Talbert Stevenson 14 November 1917

Talbert Stevenson was a Scotsman from Dundee, where his father ran a dye works. Born in 1895, he was in Crosby House from 1910 until 1912. At Oundle, he was a keen OTC man and won a cup for shooting. He also excelled at French, winning a school prize and appearing in two French plays. After Oundle, he spent some time on the Continent and then studied in Manchester. He looked set to join his father’s business when the war came.

He received a commission in the Black Watch as early as 2nd September 1914 and trained in Dundee and York, before being sent to France in February 1915. He came through the fighting at Neuve Chapelle and Festubert but was then wounded and was out of action for five months before returning to his battalion in France. Later, he turned down promotion to the rank of Brigade Major, preferring to stay with his men as Captain. He was wounded again on the Somme in November 1916 but re-joined his men once more in July 1917.

He was killed by a sniper, on 14th November 1917 near Polderhoek outside Ypres and buried at La Clytte. The chaplain wrote these words to his grieving parents:
“I have just come from his funeral. I am glad we managed to get your boy’s body down from the line. It wasn’t any easy task, and it is a proof of his popularity that there was no lack of volunteers to bring his body down. There was a large turnout at the funeral and the body was carried to the grave by four of the oldest officers. Our pipers played Flowers of the Forest over the grave. The battalion could not have suffered greater loss.”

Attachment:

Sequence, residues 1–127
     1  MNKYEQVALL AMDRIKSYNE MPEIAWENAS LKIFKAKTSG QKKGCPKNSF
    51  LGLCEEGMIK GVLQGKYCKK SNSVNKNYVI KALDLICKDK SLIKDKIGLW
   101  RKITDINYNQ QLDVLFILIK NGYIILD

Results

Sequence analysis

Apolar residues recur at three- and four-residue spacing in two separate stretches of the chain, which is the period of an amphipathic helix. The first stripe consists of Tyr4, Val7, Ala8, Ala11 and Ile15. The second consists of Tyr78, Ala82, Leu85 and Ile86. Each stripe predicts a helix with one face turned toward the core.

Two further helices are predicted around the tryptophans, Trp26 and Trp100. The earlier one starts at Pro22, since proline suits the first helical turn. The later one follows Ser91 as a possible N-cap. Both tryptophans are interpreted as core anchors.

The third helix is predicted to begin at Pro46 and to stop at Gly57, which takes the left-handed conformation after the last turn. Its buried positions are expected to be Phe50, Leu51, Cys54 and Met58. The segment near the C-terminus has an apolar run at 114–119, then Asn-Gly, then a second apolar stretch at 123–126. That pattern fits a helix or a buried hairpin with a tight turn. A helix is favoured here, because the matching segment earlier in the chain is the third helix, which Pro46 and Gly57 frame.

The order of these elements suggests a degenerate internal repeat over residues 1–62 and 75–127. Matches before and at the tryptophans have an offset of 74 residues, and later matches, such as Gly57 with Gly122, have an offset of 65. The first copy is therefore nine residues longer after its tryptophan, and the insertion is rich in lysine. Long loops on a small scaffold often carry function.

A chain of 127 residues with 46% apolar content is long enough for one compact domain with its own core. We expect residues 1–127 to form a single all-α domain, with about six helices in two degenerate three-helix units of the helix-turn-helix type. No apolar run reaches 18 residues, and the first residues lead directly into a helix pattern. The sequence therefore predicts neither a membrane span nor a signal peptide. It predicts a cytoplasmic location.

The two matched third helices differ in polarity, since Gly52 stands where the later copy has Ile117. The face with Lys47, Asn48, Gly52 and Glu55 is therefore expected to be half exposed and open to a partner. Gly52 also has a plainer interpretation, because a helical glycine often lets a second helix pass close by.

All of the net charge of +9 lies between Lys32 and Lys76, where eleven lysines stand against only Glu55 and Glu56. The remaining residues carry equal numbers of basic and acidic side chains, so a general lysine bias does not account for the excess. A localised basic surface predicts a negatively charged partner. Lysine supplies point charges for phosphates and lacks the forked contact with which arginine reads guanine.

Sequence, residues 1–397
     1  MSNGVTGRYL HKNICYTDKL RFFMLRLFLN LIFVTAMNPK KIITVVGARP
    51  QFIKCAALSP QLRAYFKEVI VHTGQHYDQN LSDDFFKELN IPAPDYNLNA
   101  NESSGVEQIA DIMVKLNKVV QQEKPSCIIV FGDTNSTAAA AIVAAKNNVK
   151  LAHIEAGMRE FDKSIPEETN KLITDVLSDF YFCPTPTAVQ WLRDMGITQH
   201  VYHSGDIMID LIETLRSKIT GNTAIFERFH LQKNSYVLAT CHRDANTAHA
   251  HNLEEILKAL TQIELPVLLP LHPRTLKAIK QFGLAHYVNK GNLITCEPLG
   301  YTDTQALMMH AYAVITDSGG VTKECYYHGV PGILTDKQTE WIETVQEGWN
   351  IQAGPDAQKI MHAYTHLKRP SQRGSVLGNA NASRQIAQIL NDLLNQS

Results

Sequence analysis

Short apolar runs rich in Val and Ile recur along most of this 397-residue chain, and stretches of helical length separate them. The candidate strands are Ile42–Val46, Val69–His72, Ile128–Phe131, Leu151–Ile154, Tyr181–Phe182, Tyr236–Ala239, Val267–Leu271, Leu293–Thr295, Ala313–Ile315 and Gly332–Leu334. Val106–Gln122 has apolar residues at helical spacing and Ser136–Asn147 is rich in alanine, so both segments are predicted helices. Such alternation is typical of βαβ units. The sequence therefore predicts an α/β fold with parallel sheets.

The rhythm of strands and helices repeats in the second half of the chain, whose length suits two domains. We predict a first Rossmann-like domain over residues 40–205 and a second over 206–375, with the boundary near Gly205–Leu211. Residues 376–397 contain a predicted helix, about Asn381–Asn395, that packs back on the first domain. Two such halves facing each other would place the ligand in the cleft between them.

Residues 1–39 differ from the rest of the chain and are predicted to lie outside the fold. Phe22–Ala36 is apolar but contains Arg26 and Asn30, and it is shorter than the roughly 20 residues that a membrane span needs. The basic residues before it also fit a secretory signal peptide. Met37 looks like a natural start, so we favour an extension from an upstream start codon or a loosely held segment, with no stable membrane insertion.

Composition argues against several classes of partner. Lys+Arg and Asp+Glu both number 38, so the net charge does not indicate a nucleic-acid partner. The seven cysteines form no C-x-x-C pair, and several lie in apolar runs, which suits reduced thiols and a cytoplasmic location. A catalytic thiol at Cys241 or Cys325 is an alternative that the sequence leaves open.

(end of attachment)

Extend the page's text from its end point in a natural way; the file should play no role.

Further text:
Talbert’s bravery earned him two Military Crosses. The citation for the second one reads: “For conspicuous gallantry and devotion to duty. He got his battalion into its assembly position with great skill. On the morning of the attack, he made a very valuable reconnaissance, obtaining urgent information under heavy machine gun and rifle fire. His gallantry and courage were most marked.”

His Commanding Officer wrote: “His loss to the battalion is irreparable. Brave to a fault, brimming over with energy and keenness, a prime favourite with officers and men, he also possessed a very old head on young shoulders.”

Talbert Stevenson was 22 years old at the time of his death.

C Pendrill
Yarrow Fellow